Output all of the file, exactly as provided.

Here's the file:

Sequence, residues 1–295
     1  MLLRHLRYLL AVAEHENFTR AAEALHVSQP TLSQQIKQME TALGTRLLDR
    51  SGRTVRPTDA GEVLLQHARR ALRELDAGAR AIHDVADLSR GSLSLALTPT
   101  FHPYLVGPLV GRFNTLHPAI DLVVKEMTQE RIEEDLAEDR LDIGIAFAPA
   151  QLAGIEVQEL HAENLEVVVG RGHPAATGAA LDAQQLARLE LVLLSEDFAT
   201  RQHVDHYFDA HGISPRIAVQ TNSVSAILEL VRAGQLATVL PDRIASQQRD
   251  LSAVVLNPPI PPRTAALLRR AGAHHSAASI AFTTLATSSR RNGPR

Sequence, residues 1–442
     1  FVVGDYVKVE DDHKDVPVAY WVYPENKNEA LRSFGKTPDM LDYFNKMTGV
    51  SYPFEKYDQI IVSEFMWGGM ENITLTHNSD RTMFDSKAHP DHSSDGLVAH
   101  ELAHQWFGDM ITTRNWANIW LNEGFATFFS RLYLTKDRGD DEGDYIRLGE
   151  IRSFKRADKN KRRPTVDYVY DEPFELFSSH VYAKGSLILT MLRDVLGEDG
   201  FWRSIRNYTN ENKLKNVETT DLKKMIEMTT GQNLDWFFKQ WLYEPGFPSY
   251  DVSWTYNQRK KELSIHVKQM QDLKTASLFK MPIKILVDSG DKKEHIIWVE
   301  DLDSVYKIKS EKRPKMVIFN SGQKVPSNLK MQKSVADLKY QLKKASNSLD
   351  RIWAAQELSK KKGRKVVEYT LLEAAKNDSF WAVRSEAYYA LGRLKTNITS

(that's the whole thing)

Sequence, residues 1–295
     1  MLLRHLRYLL AVAEHENFTR AAEALHVSQP TLSQQIKQME TALGTRLLDR
    51  SGRTVRPTDA GEVLLQHARR ALRELDAGAR AIHDVADLSR GSLSLALTPT
   101  FHPYLVGPLV GRFNTLHPAI DLVVKEMTQE RIEEDLAEDR LDIGIAFAPA
   151  QLAGIEVQEL HAENLEVVVG RGHPAATGAA LDAQQLARLE LVLLSEDFAT
   201  RQHVDHYFDA HGISPRIAVQ TNSVSAILEL VRAGQLATVL PDRIASQQRD
   251  LSAVVLNPPI PPRTAALLRR AGAHHSAASI AFTTLATSSR RNGPR

Sequence, residues 1–442
     1  FVVGDYVKVE DDHKDVPVAY WVYPENKNEA LRSFGKTPDM LDYFNKMTGV
    51  SYPFEKYDQI IVSEFMWGGM ENITLTHNSD RTMFDSKAHP DHSSDGLVAH
   101  ELAHQWFGDM ITTRNWANIW LNEGFATFFS RLYLTKDRGD DEGDYIRLGE
   151  IRSFKRADKN KRRPTVDYVY DEPFELFSSH VYAKGSLILT MLRDVLGEDG
   201  FWRSIRNYTN ENKLKNVETT DLKKMIEMTT GQNLDWFFKQ WLYEPGFPSY
   251  DVSWTYNQRK KELSIHVKQM QDLKTASLFK MPIKILVDSG DKKEHIIWVE
   301  DLDSVYKIKS EKRPKMVIFN SGQKVPSNLK MQKSVADLKY QLKKASNSLD
   351  RIWAAQELSK KKGRKVVEYT LLEAAKNDSF WAVRSEAYYA LGRLKTNITS